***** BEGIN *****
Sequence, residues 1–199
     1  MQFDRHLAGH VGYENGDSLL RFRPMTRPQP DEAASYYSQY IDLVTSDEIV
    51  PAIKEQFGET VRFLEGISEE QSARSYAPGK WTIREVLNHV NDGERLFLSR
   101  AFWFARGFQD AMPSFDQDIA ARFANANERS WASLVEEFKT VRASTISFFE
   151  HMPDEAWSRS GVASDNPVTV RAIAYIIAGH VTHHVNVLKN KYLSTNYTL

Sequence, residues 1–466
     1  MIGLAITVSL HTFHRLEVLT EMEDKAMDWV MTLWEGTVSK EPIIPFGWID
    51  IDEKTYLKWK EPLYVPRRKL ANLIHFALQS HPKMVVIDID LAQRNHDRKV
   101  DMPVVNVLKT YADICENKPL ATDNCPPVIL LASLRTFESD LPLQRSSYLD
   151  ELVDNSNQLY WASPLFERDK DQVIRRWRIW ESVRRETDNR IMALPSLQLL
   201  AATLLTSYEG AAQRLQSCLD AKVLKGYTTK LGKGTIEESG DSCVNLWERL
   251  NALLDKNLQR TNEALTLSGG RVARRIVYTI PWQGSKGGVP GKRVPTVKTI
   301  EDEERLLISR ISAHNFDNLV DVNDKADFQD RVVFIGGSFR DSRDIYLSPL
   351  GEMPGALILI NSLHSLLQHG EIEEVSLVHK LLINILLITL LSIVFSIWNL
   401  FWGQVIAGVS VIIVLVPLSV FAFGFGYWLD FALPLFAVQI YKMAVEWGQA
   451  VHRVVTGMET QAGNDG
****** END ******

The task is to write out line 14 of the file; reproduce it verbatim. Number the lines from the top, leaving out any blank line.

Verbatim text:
   351  GEMPGALILI NSLHSLLQHG EIEEVSLVHK LLINILLITL LSIVFSIWNL